The Reality of After Birth

Hey guys!

No one really talks or prepares you for the changes that happen after birth. Personally, I feel like there were so preparations for birth and the arrival of my newborn that I had kind of forgotten about the aftermath of it all so I thought I would write a blogpost of my experience. I absolutely love being a mother and it’s the best feeling in the world to see your child develop and grow. Any parent can tell you that! So I thought I’d write about the challenges that I faced adjusting to motherhood. This is quite a personal post, so I do hope you enjoy the read!

What People Forgot To Mention About After Birth:

  1. Blood, blood and more blood – If you think you’ve escaped the copious amounts of blood from labour; you’re sadly mistaken. Straight after birth, I found myself bleeding bucket loads. And that is NO exaggeration. I knew that there would be bleeding for some weeks after labour, but I didn’t realise the amount that actually comes out. In general, after giving birth; you’re suppose to wear maternity pad – that’s just how it is. But I found myself wanting to wear an actual adult nappy… Or several. There was an incident where I was sitting down in the delivery suite for about 30 mins or so, and as I stood up; blood literally just gushed out of me. There was blood all over the seat and dripping out of me incredibly fast as I ran to the toilet. It was honestly horrific for both me and my boyfriend to witness. I can’t tell you the embarrassment I felt when the cleaner or nurse came in and just saw the hospital seat covered in blood as well as a nice pool on the floor.
  2. Painful pee – This was the one thing that I was NOT prepared for in the slightest. Have you ever had a UTI (Urinary Tract Infection)? If you have, that’s exactly how it feels like. It lasted for nearly 3 weeks that I started to question whether or not this was just an untreated UTI. I dreaded going to the toilet (not that I went that often for the first week or so… probably twice a day). Peeing stung so bad and only a little amount would come out. It was horrible. Absolutely horrible. To lessen the pain, I used to bring both of my legs straightened up in front of me and clench both my toes and hands. And even that didn’t help. Because your insides are very displaced (not exactly surprising, since your baby’s taking up every bit of space), your bodily functions are a little bit displaced as well. Like the bleeding, it doesn’t last forever. And that’s what you have to keep telling yourself, when you leak aggressively through another pad or you feel like your pee hole is on fire.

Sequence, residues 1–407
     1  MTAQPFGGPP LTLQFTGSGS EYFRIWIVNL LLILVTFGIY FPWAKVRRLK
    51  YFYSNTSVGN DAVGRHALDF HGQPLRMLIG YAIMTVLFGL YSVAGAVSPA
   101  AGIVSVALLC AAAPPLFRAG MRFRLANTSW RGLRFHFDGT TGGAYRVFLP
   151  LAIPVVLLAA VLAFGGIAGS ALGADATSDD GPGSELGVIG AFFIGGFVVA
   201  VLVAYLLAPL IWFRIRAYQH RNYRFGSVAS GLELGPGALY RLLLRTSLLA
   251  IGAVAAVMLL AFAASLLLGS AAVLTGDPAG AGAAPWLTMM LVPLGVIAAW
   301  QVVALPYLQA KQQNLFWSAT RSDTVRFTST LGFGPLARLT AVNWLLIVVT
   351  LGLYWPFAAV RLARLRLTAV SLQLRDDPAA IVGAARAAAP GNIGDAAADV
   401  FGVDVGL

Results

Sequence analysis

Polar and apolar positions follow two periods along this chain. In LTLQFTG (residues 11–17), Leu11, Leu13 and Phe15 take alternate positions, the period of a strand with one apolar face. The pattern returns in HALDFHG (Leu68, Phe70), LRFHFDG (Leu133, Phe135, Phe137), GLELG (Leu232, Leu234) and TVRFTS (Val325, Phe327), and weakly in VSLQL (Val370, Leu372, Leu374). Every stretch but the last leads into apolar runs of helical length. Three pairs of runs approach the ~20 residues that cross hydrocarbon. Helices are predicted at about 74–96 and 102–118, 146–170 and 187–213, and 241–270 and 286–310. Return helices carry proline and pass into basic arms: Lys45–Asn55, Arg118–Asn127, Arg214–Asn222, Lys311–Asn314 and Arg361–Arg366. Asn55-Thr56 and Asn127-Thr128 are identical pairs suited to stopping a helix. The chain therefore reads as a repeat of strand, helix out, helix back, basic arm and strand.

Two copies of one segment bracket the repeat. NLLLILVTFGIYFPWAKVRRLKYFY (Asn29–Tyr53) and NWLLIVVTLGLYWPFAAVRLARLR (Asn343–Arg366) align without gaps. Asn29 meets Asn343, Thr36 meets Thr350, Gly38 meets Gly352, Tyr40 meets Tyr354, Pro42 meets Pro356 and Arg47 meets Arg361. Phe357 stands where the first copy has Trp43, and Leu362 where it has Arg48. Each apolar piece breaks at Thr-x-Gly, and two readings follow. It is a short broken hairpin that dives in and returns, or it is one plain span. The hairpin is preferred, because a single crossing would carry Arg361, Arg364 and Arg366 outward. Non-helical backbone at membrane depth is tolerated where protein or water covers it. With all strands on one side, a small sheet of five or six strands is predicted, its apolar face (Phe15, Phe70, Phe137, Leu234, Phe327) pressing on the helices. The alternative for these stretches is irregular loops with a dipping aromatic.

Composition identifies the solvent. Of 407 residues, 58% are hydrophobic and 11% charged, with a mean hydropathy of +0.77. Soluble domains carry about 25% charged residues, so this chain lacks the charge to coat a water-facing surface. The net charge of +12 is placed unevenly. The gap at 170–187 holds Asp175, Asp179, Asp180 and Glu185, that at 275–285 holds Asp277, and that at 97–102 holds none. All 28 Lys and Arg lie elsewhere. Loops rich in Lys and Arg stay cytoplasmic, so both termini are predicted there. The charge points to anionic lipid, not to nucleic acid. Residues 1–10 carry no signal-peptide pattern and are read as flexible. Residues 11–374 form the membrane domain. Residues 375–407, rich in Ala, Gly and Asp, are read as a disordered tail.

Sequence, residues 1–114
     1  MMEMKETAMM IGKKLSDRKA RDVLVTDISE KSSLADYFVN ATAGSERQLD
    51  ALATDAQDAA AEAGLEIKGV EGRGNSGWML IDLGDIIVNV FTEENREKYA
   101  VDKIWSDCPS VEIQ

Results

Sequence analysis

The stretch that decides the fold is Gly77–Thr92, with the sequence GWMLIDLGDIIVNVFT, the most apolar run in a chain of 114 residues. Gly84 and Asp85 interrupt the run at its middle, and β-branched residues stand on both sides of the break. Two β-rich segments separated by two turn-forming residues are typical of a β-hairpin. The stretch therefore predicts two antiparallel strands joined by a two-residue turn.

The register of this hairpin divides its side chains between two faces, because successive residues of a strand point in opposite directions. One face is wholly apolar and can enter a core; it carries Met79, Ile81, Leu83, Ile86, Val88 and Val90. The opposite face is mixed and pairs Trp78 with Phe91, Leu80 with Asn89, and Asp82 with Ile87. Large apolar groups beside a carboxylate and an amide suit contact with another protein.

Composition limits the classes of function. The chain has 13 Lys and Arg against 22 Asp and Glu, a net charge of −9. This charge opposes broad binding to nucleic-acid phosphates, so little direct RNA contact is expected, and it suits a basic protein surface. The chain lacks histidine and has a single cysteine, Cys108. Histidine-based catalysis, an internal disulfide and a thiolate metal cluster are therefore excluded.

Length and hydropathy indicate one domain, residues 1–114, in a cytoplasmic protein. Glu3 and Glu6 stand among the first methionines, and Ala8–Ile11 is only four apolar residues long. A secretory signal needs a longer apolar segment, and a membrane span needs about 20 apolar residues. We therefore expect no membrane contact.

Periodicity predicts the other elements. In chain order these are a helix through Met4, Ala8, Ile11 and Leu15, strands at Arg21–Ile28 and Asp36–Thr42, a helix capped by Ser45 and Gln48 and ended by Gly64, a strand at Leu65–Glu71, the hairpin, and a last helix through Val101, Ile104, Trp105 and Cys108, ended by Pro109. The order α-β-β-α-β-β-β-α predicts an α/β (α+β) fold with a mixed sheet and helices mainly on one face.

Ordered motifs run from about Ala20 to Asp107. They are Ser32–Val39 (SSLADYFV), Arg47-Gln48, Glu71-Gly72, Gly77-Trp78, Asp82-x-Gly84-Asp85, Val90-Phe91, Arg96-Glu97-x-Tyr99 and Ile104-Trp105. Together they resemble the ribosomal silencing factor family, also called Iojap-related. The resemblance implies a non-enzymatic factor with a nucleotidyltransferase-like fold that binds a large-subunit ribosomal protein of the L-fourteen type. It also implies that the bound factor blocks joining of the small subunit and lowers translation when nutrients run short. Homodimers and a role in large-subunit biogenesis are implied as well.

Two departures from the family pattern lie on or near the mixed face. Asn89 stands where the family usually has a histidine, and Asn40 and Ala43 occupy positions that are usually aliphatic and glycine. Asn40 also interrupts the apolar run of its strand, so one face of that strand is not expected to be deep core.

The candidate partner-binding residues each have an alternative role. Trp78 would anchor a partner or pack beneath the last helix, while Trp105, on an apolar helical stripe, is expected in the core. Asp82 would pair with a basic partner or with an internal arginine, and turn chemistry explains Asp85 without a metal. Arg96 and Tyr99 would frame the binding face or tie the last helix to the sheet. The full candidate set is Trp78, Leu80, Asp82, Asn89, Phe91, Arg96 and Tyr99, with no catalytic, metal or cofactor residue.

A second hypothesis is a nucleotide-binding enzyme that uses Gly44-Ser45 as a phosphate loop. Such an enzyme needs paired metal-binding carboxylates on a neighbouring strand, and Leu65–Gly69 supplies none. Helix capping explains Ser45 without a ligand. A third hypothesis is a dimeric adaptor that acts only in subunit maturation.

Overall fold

3. It just all bloody well hurts – Well it’s obviously no surprise that it’s going to be quite painful for a while but I didn’t realise how much. I could barely walk for the first week. Simple day to day tasks were very hard to do. Things like bending down was a no no. To be honest, it didn’t last that long so you know it wasn’t TOO bad. Obviously at the time, I thought it was the end of me and things weren’t going to get better (dramatic much?) but you know… It does and you keep on living.
  4. What is eating? – Personally, in between looking after a newborn and going by the rule: ‘When your newborn is asleep, you should sleep’, I had no time to eat throughout the day. I lived on snacks my mum or boyfriend came back from work.
  5. Breastfeeding is HARD – Unfortunately, I wasn’t one of the lucky ones who found breastfeeding very easy. When I was pregnant, I thought breastfeeding would come SO naturally and I regret not doing my research beforehand. Breastfeeding IS a skill and it does take patience and determination. There were SO many problems I had with breastfeeding and for the first month I hated it. My 8lbs baby was a HUNGRY baby, who wanted to feed on the hour every hour. It was mentally and physically exhausting for me but that’s a whole different blogpost! Bottom line is, you should do a lot of research into breastfeeding before you give birth if you plan to breastfeed because it will help you a hell of a lot. And if you don’t end up breastfeeding, it isn’t the end of the world and you honestly shouldn’t force yourself to keep on if you’re suffering so much in the process.

There were SO many changes after Tyler was born, I was very much overwhelmed with it all. The ones mentioned are just a few of the temporary changes that I experienced. There are so many changes, that up till now I’m still having to deal with. I didn’t really feel like myself for quite some time, and the transition from carrying Tyler internally to having Tyler physically there was the hardest time of my life. Having a newborn is hard, especially being a first time mum. I know a lot of mums from the get go, want to be with their babies all the time and are completely besotted with them (not that I’m not) but honestly… for the first few weeks, I just wanted to sleep. Sleep. Sleep. And Sleep. It definitely puts a mental strain on you. It’s very easy to get babyย blues for the first few weeks. It’s so important to have a good support system. I’m definitely thankful for mine. That doesn’t mean that I didn’t get baby blues or struggle. I cried like a bitch for so long till I grabbed two grips and kept it moving. I thought I was doing everything wrong, from breastfeeding toย carrying him. I didn’t think I had maternal instincts but I definitely am learning and growing with Tyler. And it does take time. As long as you have people around you supporting you and you take it one day at a time, everything will be okay.

Fei xoxo